Justice Breyer disputes notion that judges rule with political motives
U.S. Supreme Court Justice Stephen G. Breyer on Wednesday sought to dispel the widespread public notion that federal judges rule under the influence of politics, deeming that image "grossly distorted."
"I never get to say what I think is good. It's much more complicated than that," he told an audience at downtown Los Angeles' Central Library in a town hall-style exchange.
Breyer, appointed by President Clinton in 1994, said some of the high court's most vilified decisions through history were the disastrous results of judges pursuing political objectives. The most notable example, he said, might be the 1857 Dred Scott decision that ruled that people of African descent weren't protected by the Constitution.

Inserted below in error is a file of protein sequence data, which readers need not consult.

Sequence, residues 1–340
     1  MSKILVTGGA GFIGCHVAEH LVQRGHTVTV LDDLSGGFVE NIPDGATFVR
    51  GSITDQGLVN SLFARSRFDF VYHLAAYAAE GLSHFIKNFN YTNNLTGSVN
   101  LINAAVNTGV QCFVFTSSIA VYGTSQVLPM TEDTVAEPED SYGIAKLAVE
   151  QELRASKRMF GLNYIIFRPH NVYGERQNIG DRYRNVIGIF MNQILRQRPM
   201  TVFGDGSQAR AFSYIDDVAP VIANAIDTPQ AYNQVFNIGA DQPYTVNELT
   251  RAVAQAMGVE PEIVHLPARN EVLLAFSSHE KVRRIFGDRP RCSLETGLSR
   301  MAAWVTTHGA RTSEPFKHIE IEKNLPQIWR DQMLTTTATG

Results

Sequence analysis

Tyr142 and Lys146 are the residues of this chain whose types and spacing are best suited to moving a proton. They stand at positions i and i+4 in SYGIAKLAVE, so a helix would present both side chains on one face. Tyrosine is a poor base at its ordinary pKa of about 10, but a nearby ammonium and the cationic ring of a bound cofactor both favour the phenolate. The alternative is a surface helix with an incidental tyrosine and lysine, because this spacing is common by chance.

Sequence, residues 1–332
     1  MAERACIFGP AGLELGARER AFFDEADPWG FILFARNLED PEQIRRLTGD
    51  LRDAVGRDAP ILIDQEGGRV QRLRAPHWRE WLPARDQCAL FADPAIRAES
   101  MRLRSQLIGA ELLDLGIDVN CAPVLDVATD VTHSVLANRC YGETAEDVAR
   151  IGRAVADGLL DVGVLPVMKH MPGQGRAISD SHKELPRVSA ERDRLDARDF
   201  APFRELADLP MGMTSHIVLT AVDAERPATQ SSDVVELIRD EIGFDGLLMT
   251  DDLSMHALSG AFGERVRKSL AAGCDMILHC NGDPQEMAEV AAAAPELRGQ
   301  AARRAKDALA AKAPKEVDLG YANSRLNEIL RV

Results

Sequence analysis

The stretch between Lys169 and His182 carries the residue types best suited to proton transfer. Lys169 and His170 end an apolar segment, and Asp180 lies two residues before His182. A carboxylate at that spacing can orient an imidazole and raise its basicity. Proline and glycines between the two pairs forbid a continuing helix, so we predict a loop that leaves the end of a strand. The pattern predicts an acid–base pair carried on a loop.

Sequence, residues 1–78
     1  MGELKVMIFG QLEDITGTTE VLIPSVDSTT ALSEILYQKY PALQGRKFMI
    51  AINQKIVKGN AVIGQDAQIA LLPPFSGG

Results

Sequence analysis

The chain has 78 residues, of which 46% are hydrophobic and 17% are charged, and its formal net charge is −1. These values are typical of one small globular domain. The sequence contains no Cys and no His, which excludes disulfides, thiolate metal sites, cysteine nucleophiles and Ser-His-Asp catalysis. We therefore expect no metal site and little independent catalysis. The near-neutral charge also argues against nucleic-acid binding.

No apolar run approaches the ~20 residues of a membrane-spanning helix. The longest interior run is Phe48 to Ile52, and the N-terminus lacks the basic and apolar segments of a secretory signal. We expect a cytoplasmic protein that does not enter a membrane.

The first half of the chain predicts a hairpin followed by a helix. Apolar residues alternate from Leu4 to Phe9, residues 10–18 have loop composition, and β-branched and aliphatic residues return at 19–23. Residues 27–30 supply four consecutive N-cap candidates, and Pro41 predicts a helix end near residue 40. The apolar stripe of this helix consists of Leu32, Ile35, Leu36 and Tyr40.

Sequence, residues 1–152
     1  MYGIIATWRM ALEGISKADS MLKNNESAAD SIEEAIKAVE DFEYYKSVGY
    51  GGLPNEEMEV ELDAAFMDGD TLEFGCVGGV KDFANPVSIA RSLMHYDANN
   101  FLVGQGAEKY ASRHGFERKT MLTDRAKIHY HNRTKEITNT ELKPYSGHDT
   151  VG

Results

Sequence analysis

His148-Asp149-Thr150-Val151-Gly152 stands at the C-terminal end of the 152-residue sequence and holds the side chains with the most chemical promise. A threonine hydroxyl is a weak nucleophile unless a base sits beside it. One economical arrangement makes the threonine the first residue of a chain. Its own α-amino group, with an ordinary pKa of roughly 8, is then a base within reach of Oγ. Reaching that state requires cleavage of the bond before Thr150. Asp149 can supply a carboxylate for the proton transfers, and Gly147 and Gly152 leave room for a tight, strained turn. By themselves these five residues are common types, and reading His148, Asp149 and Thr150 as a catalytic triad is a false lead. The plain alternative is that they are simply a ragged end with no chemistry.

Those few instances where politics drive a decision show that "judges make terrible politicians," Breyer said.
Asked about the Supreme Court's 2000 ruling that led to George W. Bush becoming president instead of Al Gore, Breyer said that he thought the majority was wrong and that the controversial ruling damaged confidence in the federal judiciary.
"But it recovers," Breyer said of the Supreme Court's standing in the eyes of the American public. "I think we have a pretty strong institution."
-- Carol J. Williams